Local government report poisoned chalice for Labour

29 Jun 00
A root-and-branch overhaul of Scottish local government is set to be triggered by the publication this week of the Kerley report on regenerating local democracy.

30 June 2000

The report recommends a significant cut in the number of councillors and council posts, an increase in pay and allowances for those who remain, and greater accountability of councillors and councils.

But its proposal that a new electoral system – the single transferable vote – be introduced for Scottish local government elections is likely to prove a poisoned chalice for Labour. Labour councillors are the most likely to lose out from such a reform, and the party is expected to resist it.

Richard Kerley, author of the report, said: 'The overarching purpose has been to consider the renewal of local democracy. Fewer than six in ten electors voted in the local elections in May 1999.'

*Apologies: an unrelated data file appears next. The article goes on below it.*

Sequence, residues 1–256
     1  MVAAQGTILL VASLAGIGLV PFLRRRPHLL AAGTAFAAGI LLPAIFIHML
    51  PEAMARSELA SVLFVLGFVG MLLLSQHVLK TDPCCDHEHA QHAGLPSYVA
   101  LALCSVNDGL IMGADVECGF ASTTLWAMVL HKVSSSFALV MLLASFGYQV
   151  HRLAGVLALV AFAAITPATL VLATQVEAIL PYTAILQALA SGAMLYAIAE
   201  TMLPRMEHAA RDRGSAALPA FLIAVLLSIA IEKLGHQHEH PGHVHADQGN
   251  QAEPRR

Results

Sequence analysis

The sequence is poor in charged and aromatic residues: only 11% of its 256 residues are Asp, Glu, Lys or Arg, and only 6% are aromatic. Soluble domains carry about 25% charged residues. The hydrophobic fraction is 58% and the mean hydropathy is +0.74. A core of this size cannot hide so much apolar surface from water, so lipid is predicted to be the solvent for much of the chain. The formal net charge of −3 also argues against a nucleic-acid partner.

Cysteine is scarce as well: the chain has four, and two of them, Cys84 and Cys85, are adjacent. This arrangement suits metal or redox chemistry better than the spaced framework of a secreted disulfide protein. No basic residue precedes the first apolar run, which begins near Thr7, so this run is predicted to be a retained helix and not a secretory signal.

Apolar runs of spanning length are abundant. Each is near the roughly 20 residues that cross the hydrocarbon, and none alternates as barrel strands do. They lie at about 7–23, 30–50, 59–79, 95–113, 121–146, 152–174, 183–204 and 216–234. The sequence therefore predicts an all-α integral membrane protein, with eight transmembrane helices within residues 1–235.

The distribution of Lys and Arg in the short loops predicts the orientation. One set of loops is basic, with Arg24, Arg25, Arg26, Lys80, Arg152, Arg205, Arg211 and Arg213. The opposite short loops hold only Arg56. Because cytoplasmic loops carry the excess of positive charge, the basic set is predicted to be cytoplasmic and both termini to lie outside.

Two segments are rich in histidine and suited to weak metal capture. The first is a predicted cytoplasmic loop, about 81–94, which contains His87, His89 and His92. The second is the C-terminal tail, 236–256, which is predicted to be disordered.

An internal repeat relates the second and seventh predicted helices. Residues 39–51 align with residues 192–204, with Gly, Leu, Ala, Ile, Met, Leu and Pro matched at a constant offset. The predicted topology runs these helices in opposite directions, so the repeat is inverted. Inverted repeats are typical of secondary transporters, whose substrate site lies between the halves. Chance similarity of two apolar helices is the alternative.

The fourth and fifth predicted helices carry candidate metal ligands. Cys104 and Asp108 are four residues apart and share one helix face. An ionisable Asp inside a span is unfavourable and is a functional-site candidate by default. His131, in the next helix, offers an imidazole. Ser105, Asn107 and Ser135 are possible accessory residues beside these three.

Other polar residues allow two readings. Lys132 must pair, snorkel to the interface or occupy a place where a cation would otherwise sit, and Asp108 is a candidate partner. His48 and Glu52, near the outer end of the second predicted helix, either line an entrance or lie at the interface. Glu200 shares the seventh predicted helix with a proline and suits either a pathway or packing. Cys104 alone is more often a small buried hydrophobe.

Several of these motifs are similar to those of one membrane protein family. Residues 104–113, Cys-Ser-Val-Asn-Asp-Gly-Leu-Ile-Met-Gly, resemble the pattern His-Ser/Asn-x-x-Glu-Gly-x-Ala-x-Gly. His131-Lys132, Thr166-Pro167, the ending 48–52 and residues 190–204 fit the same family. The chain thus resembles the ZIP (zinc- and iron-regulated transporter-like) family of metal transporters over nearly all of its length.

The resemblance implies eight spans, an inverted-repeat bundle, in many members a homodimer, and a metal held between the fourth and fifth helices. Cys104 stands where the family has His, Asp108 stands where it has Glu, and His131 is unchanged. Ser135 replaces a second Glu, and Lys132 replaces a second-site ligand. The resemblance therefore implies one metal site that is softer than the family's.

Scotland's First Minister, Donald Dewar, is to take charge of a sub-committee to examine the report.

It recommends a minimum of 19 members for a council and a maximum of 53, and calls for councillors' pay to be increased to £12,000 and for Glasgow and Edinburgh council leaders to be paid in line with Holyrood MSPs.

But Kerley added: 'Being a councillor is principally about voluntary public service.We do not believe that remuneration is, or should be, a key factor in motivating people to take up public service.'

The Convention of Scottish Local Authorities gave the report a cautious welcome. President Norman Murray said: 'This is about far more than what we pay our councillors or how we vote for them. This is about making local government more accessible.'


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